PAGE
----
Lastly, another huge benefit to IoT in wastewater management is the detection of residual chemicals after treatment. This can be used to calculate the efficacy of the selected treatment process and ensure the release of chemicals stays within permissible limits.

This type of sensor can also help detect and reduce the spreading of legionella throughout a facility. Legionella is spread through mist, such as from air-conditioning units of buildings and can be very dangerous for employees. IoT has many benefits and can increase the productivity of staff, keep them out of harm’s way, and reduce unnecessary costs for facility management.

How an EAM/CMMS Can Help the Waste Water Industry

An EAM organizes the physical and fiscal information of enterprise assets on one platform, follows the work flows associated with managing assets, supports the business processes of managing the receiving, assigning, deploying, and retiring assets. From an operational perspective, it tracks the physical whereabouts of the assets, who have custody of them at any point of time, and the physical condition of the assets.

The CMMS tracks the maintenance activities and costs for the equipment that require maintenance. mEAM tracks the entire enterprise asset portfolio, including IT and physical assets, equipment and buildings, fixed assets and consumables, while CMMS tracks a subset of that.

EAM will track the life cycle of your water system allowing staff to prepare for maintenance in the future to protect not only your assets but your consumers.

An EAM combined with the benefits of IoT software can increase productivity among staff, decrease risk of injury for staff, and reduce unnecessary costs that are being spent in a reactive manner rather than a preventive or proactive approach.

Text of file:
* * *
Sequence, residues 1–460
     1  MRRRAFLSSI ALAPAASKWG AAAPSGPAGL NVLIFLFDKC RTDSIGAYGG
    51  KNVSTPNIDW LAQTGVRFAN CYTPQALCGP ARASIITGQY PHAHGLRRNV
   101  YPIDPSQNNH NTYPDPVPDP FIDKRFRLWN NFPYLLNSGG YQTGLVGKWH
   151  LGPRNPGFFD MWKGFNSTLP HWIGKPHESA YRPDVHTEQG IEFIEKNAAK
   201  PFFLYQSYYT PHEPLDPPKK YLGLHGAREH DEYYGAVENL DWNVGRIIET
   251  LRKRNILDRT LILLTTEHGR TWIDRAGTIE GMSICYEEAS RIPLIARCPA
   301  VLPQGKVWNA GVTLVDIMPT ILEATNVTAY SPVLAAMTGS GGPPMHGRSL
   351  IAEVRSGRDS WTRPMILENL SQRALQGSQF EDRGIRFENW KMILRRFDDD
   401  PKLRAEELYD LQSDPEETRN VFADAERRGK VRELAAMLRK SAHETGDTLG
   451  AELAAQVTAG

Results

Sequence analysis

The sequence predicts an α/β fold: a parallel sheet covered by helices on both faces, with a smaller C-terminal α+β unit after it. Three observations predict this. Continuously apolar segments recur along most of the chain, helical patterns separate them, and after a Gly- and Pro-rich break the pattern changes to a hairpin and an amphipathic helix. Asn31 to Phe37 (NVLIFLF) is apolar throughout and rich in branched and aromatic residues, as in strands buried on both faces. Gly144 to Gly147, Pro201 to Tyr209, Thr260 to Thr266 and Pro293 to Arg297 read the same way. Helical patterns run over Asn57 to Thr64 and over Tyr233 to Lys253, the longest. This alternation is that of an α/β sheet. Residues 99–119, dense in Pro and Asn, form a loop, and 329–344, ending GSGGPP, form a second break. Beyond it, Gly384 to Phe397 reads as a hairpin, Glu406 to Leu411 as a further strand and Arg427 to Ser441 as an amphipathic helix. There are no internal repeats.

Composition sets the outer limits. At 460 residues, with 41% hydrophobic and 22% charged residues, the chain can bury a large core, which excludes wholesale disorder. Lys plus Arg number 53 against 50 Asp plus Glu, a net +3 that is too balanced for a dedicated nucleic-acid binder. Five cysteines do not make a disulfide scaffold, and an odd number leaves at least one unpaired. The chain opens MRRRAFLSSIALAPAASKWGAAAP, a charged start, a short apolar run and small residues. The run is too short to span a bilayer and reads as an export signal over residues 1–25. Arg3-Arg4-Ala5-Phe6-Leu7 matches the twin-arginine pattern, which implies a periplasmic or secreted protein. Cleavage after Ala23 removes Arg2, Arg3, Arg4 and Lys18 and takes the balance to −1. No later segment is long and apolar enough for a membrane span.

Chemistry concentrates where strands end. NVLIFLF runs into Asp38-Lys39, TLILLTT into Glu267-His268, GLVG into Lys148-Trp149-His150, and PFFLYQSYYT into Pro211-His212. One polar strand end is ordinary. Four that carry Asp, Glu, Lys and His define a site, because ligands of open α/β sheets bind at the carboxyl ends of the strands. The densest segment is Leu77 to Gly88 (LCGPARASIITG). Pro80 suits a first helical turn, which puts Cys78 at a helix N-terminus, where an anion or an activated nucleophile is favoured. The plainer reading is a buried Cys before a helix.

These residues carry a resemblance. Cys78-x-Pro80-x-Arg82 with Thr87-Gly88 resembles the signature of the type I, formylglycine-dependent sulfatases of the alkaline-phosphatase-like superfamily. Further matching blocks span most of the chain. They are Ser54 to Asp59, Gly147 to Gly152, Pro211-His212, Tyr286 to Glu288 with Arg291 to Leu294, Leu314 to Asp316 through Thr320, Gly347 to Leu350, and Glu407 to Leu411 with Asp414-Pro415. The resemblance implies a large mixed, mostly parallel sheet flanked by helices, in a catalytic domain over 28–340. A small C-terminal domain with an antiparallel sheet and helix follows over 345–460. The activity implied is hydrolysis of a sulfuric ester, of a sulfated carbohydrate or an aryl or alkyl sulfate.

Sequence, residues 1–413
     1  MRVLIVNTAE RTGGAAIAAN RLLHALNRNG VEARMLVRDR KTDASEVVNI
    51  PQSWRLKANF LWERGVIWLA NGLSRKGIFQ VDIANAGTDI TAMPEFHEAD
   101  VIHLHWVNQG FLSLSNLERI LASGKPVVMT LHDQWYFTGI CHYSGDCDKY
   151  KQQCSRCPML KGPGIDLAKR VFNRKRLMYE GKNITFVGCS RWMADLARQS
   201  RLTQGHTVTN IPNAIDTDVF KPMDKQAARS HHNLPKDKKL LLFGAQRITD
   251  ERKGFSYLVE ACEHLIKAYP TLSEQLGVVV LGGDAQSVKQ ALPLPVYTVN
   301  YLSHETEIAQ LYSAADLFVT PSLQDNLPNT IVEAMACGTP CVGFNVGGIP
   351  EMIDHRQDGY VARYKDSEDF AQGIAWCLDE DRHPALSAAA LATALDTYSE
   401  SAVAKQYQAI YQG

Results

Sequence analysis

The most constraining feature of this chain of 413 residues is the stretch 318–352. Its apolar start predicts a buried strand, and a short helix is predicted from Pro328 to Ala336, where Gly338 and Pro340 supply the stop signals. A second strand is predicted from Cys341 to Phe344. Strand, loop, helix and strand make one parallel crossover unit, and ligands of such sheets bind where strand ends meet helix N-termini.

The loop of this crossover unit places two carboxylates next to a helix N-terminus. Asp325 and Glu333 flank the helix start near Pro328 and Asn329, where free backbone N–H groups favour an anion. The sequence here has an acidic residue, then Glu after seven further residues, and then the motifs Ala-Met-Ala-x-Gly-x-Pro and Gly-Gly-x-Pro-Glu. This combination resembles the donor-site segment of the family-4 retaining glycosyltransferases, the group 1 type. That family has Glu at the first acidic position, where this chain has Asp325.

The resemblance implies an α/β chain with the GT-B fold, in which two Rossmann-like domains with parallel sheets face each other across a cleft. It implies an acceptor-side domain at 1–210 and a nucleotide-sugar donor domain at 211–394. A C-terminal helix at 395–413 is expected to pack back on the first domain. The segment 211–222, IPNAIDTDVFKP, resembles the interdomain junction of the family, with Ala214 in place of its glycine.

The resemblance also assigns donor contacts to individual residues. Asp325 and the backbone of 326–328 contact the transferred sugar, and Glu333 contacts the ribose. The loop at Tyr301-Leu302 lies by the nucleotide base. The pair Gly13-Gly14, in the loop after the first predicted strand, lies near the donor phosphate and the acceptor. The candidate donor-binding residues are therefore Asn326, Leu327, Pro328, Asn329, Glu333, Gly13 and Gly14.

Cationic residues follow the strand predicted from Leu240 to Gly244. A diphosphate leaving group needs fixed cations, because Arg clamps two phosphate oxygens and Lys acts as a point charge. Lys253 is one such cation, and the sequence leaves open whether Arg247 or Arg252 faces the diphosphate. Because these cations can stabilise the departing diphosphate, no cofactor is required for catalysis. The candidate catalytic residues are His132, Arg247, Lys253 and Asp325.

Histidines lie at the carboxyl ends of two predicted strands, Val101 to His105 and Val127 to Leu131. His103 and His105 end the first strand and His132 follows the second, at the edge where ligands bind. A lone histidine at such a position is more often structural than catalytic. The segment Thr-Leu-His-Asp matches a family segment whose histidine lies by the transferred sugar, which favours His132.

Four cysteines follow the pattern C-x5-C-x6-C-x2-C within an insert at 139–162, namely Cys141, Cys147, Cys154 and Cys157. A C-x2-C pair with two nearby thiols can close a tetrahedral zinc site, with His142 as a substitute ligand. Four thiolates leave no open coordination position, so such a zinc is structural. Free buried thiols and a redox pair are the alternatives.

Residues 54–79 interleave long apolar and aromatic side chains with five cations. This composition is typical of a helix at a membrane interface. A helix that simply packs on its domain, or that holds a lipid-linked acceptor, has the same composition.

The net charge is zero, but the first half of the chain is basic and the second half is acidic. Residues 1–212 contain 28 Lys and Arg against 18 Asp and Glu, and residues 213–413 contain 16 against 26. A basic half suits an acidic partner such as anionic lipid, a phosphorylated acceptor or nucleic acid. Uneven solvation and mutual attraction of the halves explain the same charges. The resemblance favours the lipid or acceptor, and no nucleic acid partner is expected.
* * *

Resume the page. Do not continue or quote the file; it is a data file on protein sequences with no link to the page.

Kelly Potter is a Marketing Associate for Transcendent Corporation. She has lived in Tampa for four years and graduated from the University of Central Florida with a B.A. in Communications and a Minor in English-Writing. Kelly has written hundreds of blogs focusing around EAM CMMS technology and the use of these solutions within facilities around the world.

Promapp takes Lean Tagging solution forward

Cloud-based business process management company Promapp has extended its feature functionality with the launch of Lean Tagging, ensuring that organisations can integrate lean improvement initiatives into day-to-day business operations.

Aligned with continuous improvement methodologies, including Lean, Kaizen and Six Sigma, Promapp’s Lean Tagging enables teams to identify inefficiencies within processes, prioritise the reduction of non-value-add activities and waste, and track, manage and report on opportunities for improvement.

Lean techniques have traditionally been a popular choice for organisations seeking to work smarter and improve efficiency. However, organisations that want a truly lean organisation need to be able to translate ideas into everyday practices.

“Right now, there is a disconnect between business improvement and lean thinking, says Ivan Seselj, CEO, Promapp.  “We have these terms and labels that we apply to improvement but they are passive language only.

“Lean thinking needs to be totally engaged with process, it needs to be visual and it needs to be easy to use so that organisations can drive innovation and continuous improvement, and then promote track, identify and report on improvement opportunities and benefits.”

Lean Tagging now enables organisations to achieve the true benefits of lean with value-add and waste reduction ideas uncovered in lean projects or workshops successfully embedded into the day-to-day operations of the business.

Promapp’s wide range of public and private sector customers includes: Toyota, McDonald’s, Coca-Cola Amatil, Lantec, TeliaSonera, Ricoh Australia, Konica Minolta, Fuji Xerox, Air New Zealand, Audi Australia and the Department of Justice, Victoria.